FerroSilva is a project that has its origins in the "Unit Processes at the Department of Materials Science", at the Royal Institute of Technology - KTH in Stockholm. In the spring of 2020, FerroSilva won the KTH Innovation Award for best proposal to reduce greenhouse gas emissions and in the spring of 2021, the Swedish Energy Agency, STEM, decided to co-finance a feasibility study that runs until the autumn of 2022.
The project consortium includes representatives from the steel industry, the forest industry, agriculture and KTH and Chalmers as research performers. FerroSilva is managed by MMM Management Advice and Kobolde & Partners AB.
Europe is investing large resources in converting the society to reduce greenhouse gas emissions. Biomass with a very low climate impact, has its origins in forestry and agriculture and can be used for the production of biogas, biofuels, heat and electricity. Biogas and biofuels have generally seen a higher value added than heat and electricity and can potentially offer higher yields for forestry and agriculture, and also make larger amounts of biomass profitable to utilize.
Biogas in the form of synthetic gas or "syngas", which is mainly a mixture of carbon monoxide and hydrogen gas, has the same composition and chemical properties as the reformed (fossil) natural gas used in today's production of sponge iron in shaft furnaces.
As more and more companies close blast furnaces in order to reduce their large carbon dioxide emissions and switch to scrap-based steel production, there is an imminent risk that there will be a shortage of high-quality scrap.
For Bergslagen's various special steel plants, this is a serious threat, which could be averted with locally produced sponge iron, tailored to the plants' need for high-quality raw materials.
Production of sponge iron in a shaft furnace with fossil natural gas is a known technology and is already available in a number of designs and for different production volumes. The development of processes for syngas from biomass has been intensive and today there are a number of different alternative approaches. However, these need to be verified. There must also be the integration of iron ore reduction and the production of syngas, as well as issues such as location, volumes, raw material supply, and logistics. The same applies to the supply of iron ore, which provides sponge iron of a quality suitable for the special steel industry.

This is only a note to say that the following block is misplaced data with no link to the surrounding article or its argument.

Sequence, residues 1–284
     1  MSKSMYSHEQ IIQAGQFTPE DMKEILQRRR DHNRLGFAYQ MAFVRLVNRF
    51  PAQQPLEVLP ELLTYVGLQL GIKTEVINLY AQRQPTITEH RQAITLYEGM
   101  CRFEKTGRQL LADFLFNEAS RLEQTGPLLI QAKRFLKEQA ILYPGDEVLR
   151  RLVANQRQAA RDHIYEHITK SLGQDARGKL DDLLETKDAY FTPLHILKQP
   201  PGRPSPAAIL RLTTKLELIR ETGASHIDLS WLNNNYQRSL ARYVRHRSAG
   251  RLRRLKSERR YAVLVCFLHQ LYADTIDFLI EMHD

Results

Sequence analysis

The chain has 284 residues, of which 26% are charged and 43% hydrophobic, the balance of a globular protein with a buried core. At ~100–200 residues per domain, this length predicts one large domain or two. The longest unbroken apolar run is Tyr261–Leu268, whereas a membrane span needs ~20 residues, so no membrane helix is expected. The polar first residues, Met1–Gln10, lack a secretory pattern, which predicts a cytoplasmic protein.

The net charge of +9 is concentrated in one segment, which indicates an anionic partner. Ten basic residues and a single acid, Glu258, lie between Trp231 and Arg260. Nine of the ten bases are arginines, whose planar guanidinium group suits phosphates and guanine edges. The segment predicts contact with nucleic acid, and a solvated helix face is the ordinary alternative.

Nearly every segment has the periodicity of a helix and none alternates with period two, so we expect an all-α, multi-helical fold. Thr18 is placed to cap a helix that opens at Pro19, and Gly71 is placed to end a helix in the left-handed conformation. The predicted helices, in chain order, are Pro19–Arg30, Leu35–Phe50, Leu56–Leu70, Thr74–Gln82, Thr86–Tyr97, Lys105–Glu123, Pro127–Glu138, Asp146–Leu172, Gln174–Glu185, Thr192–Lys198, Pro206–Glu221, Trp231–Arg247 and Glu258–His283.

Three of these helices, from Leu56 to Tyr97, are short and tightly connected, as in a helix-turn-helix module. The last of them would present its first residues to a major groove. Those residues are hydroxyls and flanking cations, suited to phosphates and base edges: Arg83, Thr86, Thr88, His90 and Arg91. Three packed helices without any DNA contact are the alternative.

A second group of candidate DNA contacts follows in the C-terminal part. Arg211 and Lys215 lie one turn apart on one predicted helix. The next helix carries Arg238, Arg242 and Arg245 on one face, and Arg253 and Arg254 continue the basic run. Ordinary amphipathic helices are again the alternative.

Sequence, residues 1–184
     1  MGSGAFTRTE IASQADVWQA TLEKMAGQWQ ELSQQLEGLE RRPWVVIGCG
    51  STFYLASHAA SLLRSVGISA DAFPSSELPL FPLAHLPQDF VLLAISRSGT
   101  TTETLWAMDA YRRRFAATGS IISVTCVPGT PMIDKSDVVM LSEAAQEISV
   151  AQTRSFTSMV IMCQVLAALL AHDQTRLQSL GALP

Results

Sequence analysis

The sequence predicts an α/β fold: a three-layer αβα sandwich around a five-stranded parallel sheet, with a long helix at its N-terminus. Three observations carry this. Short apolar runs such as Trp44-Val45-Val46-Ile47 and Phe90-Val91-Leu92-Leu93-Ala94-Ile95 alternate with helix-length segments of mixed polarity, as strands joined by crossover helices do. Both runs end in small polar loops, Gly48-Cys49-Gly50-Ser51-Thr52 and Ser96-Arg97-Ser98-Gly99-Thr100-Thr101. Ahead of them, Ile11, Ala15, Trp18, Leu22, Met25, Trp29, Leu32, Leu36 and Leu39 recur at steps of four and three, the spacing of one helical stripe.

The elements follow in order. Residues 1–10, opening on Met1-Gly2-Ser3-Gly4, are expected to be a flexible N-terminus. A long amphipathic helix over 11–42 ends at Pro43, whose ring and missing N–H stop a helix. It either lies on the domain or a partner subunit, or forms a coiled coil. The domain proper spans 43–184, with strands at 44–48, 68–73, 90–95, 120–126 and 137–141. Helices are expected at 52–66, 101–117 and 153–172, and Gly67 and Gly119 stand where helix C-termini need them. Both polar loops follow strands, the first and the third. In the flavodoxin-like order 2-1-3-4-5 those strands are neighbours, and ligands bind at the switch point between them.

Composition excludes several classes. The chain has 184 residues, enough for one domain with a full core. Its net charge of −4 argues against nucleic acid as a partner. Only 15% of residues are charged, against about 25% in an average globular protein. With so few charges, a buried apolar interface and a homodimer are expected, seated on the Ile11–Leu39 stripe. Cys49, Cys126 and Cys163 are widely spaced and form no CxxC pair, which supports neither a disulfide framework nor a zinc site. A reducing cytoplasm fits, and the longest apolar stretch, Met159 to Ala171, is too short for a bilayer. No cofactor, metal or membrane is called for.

Production of fossil-free sponge iron with hydrogen is currently being developed by a number of companies. In Sweden, this takes place within the well-known Hybrit project. Production of fossil-free hydrogen is suitable in regions that have access to large amounts of fossil-free electricity at very low prices. FerroSilva is suitable for regions with a good supply of biomass and does not have the same dependence on infrastructure for production and distribution of electricity.
In the new raw material situation that will prevail when Europe's blast furnaces are decommissioned, the world-leading Swedish special steel industry, which is scrap-based and has low carbon dioxide emissions, needs to secure the supply of good quality iron raw materials. Likewise, the supply of biomass from forests and agriculture should be used in the way that gives the highest yield. This will contribute to strengthening Sweden's trade balance.